Expressed Comfort, Safety, and Willingness to Try Cycling 39 (i.e., multi-use paths are not included in these figures). As mentioned previously, each version of the survey focused on the continuum of four bicycling facility types within the same traffic lane and parking lane combination, plus two additional images duplicated from the other survey versions. To avoid the potential framing effects introduced by the insertion of these additional images âout of sequence,â only the responses for the four in-sequence images are included in the descriptive analysis presented here (sample sizes of between 266 and 308 responses for each mean). However, all responses were included in models, which were designed to account for these effects, as explained in the following section. The characteristics of the bicycle infrastructure portion of the roadways for the sharrow, bike lane, and buffered bike lane cases were consistent between roadway configurations. However, protected/separated bike lanes had two variations, one way and two way, only one of which was presented for a given configuration to limit the number of images presented. The broken Note: Axis does not start at 0. Figure 5.7. Average expressed safety levels for each lane/parking configuration by bicycle facility type. Note: Axis does not start at 0. Figure 5.8. Average expressed level of willingness to try for each lane/parking configuration by bicycle facility type.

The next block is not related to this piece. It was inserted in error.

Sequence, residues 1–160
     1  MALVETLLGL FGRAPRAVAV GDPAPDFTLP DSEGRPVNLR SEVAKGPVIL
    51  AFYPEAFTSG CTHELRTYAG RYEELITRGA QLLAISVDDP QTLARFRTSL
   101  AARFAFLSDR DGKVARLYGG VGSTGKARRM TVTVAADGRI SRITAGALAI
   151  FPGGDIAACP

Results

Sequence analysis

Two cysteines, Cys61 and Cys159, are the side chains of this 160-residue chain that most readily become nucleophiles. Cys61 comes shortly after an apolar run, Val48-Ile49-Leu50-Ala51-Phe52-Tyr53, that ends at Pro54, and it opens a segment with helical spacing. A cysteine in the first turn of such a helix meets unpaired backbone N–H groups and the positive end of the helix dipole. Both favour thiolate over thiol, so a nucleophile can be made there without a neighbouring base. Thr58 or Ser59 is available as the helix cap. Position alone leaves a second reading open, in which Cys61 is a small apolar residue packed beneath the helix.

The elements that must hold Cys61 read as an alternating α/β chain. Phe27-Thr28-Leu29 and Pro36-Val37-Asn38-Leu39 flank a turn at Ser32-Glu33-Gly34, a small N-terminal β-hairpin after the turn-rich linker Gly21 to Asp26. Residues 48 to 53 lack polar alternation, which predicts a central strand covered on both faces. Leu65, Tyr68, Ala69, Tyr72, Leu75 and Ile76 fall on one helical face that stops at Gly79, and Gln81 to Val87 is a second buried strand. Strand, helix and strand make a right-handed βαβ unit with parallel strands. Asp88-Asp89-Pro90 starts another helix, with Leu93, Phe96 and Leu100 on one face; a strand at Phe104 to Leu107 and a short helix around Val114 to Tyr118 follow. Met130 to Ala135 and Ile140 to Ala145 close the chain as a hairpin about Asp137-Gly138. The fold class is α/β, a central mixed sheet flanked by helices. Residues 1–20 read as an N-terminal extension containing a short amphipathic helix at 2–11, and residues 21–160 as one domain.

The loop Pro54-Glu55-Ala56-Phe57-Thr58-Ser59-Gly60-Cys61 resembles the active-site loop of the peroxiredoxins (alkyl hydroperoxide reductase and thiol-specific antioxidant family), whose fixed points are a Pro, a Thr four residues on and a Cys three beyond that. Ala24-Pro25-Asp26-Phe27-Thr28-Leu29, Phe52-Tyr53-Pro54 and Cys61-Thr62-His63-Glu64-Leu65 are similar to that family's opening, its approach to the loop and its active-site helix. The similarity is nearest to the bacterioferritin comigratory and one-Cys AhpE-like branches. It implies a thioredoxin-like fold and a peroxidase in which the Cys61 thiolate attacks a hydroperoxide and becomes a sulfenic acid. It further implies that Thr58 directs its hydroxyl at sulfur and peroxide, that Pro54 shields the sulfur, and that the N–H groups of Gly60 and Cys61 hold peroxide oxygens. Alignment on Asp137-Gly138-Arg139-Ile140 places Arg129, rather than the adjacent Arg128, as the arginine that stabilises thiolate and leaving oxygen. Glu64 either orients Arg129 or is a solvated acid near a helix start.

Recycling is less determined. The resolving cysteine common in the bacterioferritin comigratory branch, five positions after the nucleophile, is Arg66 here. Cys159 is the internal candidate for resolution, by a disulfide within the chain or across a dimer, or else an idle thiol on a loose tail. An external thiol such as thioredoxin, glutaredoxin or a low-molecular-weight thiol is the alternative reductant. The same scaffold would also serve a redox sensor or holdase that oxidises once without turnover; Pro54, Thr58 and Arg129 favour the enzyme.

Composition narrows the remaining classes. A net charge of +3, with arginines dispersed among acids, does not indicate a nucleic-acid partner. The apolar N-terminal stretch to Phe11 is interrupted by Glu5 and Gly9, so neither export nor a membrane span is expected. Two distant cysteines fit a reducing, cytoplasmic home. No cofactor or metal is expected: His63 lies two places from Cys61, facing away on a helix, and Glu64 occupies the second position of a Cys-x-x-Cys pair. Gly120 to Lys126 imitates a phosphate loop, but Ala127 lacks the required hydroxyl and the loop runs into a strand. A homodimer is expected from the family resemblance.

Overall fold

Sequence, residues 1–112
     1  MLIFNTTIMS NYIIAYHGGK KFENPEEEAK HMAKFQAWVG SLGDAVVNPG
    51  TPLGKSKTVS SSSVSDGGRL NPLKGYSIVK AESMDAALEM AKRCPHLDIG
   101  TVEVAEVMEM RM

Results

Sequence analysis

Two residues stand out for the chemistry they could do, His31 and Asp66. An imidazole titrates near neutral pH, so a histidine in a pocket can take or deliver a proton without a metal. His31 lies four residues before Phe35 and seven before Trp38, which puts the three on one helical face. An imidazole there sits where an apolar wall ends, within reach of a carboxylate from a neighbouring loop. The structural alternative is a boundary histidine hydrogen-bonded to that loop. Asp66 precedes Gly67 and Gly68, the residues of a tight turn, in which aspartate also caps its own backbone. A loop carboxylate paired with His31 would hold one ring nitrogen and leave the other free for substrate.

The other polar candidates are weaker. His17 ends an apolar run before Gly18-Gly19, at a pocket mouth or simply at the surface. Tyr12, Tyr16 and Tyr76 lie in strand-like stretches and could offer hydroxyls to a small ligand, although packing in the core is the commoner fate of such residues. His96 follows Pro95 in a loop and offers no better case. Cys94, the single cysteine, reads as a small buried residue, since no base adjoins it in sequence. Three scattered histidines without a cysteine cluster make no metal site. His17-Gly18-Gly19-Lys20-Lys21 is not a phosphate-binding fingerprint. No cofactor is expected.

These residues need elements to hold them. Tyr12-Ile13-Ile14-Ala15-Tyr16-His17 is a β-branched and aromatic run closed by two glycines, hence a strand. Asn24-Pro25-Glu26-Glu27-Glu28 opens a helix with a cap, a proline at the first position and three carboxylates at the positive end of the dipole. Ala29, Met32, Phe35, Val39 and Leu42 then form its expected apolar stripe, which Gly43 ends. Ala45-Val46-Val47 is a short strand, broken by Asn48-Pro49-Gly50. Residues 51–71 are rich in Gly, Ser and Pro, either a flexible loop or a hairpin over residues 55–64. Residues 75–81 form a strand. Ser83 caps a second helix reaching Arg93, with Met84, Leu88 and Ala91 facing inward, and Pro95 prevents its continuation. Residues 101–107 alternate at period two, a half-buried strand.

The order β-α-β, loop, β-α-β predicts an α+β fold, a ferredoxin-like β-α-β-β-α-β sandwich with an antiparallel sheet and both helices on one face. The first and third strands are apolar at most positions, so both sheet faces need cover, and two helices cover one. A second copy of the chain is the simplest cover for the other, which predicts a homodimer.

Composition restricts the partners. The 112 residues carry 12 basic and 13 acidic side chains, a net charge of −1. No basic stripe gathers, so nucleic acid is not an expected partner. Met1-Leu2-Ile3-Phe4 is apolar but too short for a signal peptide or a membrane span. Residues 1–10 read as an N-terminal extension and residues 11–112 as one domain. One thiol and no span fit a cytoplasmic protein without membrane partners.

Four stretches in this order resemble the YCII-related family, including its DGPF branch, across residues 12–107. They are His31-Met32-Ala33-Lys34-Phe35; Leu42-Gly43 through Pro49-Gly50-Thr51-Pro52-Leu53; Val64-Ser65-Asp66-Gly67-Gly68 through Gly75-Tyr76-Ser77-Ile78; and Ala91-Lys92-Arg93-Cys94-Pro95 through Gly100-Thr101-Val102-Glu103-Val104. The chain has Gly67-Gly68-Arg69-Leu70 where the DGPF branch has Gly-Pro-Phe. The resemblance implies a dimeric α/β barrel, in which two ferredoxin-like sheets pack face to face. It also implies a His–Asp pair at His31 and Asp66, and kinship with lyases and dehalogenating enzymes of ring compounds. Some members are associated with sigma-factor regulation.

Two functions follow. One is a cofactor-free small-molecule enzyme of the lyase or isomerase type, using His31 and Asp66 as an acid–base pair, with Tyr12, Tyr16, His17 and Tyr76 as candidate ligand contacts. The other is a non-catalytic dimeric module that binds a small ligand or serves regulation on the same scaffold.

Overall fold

40 Bicyclist Facility Preferences and Effects on Increasing Bicycle Trips lines on the graphs show the point in the progression of bicycle facility at which barrier protec- tion is introduced, and two different protected/separated bicycle infrastructure types are por- trayed. The two-lane with no parking and four-lane with parking configurations had one-way protected/separated bike lanes (indicated by the dotted lines), while the four-lane with no park- ing and two-lane with parking images had two-way protected/separated bike lanes (indicated by the dash-dot lines). Given the close clustering of the four means for this facility type, the figures indicate that the differences in ratings between protected/separated bike lane scenarios may be unrelated to roadway characteristics. Ratings for comfort, safety, and willingness to try tended to follow similar patterns. However, the mean ratings exhibit some small differences, indicating that, at least to some extent, respon- dents were able to distinguish between the different perceptual dimensions (comfort versus safety versus willingness to try) for each image. For example, the protected/separated facilities had mean responses up to 4.2 for safety, but only 4.1 for comfort and 3.9 for willingness to try. On the other hand, facilities with sharrows had the lowest mean responses for safety (2.4) followed by willingness to try (2.6) and comfort (2.7). The implications are that the ranges for perceived safety are somewhat larger, with the greatest apparent differences between the least protected and the most protected facilities being for safety, while comfort tends to be slightly higher on average. Comfort, safety, and willingness to try all improved for each increased degree of separation provided by the bicycling facilities, indicating a positive benefit associated with separation from moving and parked cars. Each version of the survey began the infrastructure image section with a sharrow configuration, which allows the sharrow infrastructure layouts to serve as a base mea- surement for each lane configuration. In each version, the sharrow configurations received the lowest ratings, and the existence of any sort of spatial separation was influential in increasing each perception measure. Average ratings for each traditional bike lane scenario were higher than those for sharrows on the same roadway configuration. The difference is more pronounced for bicycle lanes without adjacent curb parking, which supports the earlier focus group finding of the disutility of combining bike lanes with on-street parking. Buffered bike lanes received higher average ratings than traditional bike lanes, and saw the same disutility with parking lanes. As previously mentioned, two different protected/separated bike lane scenarios were tested in the survey. Table 5.1 shows the average ratings for each protected/separated bike lane scenario along with the multi-use path. As shown previously, the presence of the barrier was effective in overcoming the obstacles created by the inclusion of parking or extra traffic lanes. Focus group participants suggested that one-way protected/separated bike lanes would be preferable to two- way lanes. The primary determinant for preferring protected/separated bike lanes would be based on whether the lane is one-way or two-way. In contrast, parking and traffic lane character- istics were more influential in shaping perceptions of the more vulnerable layouts. The multi-use One-way Protected Two-way Protected Multi-use Path Two-Lane/ No Parking Four-Lane with Parking Two-Lane with Parking Four-Lane/ No Parking Comfort 4.12 4.13 3.89 3.97 4.14 Safety 4.14 4.24 3.89 4.01 4.15 Willingness to Try 3.78 3.89 3.63 3.68 3.95 Table 5.1. Average agreement ratings for comfort, safety, and willingness to try for protected/separated bike lanes and multi-use paths (from 1 = completely disagree to 5 = completely agree).